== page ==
Being the midpoint between the public and the private sector in emergency medical response, what are the main issues of concern when you facilitate operations that require meticulous attention to every part of the supply chain?
In times of crisis, it’s important to ensure critical information is flowing to the right people. For us, what’s interesting about such a position is understanding the responsibility we hold, that it’s not a stop-gap operation, [it’s about making] information move from one person to another or one organisation or another, to make headway in the response.
One of the things we have to continue to understand is our ability to move information and distil and share what the problem is to save lives and impact healthcare. We need to not just move things, but to move things to the right parts [of the supply chain] to affect change. [Critical parts of the] government is important, and so is the private sector for us to do this well.
That’s why we work with the whole supply chain, not just part of it. We work with manufacturers and distributors versus [just] working with pharmacists or going back up to donating medicine. Those are different things, and [our model] requires different groups to come together.
We find that the public wants to work with the private sector and the private sector wants to meet with the public sector, but they just speak a different language.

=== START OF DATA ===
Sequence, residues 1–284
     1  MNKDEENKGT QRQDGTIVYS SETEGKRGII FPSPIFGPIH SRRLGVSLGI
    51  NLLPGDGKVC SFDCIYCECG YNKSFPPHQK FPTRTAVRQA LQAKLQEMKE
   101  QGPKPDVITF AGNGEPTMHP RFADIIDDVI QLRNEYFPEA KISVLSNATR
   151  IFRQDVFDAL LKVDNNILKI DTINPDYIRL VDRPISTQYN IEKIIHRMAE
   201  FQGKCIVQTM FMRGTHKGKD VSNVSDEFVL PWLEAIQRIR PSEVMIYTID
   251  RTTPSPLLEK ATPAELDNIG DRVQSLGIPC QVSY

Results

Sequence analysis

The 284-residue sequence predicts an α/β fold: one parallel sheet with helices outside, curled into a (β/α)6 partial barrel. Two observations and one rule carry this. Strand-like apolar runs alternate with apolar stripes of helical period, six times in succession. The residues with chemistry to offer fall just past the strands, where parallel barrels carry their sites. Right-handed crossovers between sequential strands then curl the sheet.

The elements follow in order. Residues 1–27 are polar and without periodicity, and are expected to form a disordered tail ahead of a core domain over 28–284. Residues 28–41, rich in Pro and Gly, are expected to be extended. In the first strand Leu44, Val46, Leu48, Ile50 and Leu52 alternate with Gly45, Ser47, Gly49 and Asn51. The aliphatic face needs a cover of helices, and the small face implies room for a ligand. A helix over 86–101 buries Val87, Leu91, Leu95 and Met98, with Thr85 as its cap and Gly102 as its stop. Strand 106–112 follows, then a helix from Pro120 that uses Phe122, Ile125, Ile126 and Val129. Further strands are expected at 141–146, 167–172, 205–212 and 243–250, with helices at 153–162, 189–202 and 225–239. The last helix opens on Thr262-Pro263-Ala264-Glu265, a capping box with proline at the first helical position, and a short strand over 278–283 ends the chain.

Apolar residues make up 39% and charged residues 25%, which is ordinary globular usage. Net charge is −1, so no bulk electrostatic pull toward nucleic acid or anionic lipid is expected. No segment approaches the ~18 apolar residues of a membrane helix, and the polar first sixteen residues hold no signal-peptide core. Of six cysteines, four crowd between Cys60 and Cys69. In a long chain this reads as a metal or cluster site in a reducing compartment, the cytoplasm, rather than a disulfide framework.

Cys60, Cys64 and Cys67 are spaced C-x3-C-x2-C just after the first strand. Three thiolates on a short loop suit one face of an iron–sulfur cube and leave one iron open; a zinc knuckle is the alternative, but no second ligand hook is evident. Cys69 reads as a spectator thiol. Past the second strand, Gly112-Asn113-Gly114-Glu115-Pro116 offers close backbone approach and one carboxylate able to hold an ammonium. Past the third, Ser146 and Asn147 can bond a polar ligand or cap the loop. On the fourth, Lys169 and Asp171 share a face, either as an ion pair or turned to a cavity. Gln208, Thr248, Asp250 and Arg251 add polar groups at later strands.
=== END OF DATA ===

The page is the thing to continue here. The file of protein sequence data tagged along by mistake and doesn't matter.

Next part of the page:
How important a role do refrigeration and cold storage play in public healthcare, especially with regard to the pivotal work the organisation does in such critical moments?
Refrigeration, cold storage and maintaining a secure cold chain are very important. One of the things we worked on in the last year is making sure patients [are more aware] by providing [them with the right information on] how to keep drugs safe, regardless of disasters. Tracking and moving products typical under the cold chain. Oncology drugs, chronic care conditions, diabetes medicines, and vaccines – we have to think about how we move those. And not just moving them into the port but taking it to the last mile.
We have a lot of partners, and we have a logistics partner – they do move products well and securely. [It’s] critical to have them, because they know how to navigate [the temperatures] in Puerto Rico, so that vaccines go to patients.
One of the other parts we also think of is patient education – on how to make them understand thermal stability. Of course, we wouldn’t use the term, thermal stability, but we make them understand how to protect insulin, how to keep it stable, [and talk about] refrigerators and CDC guidelines.
[It goes] hand in hand with response, immediately everything from thinking about how to move products but also how to help patients understand what to do with products. I’m a scientist by training. I still approach things as a scientist. For me, across the board, we have a long way to go on how we do science education at every level, from how we educate policy-makers to how we get patients to think about thermal stability in practical ways.
As scientists, we have a responsibility to do more in science education; we cannot bury core messages in technical language. There is willingness [among the people to learn]; it is just covered in extremely technical language that adds a barrier; it becomes a lot harder to engage and to get people to jump on its use.
What are your expectations from manufacturers of cold store- or transport refrigeration-related equipment with regard to the unique and specific needs of people in your field? Are these needs being met?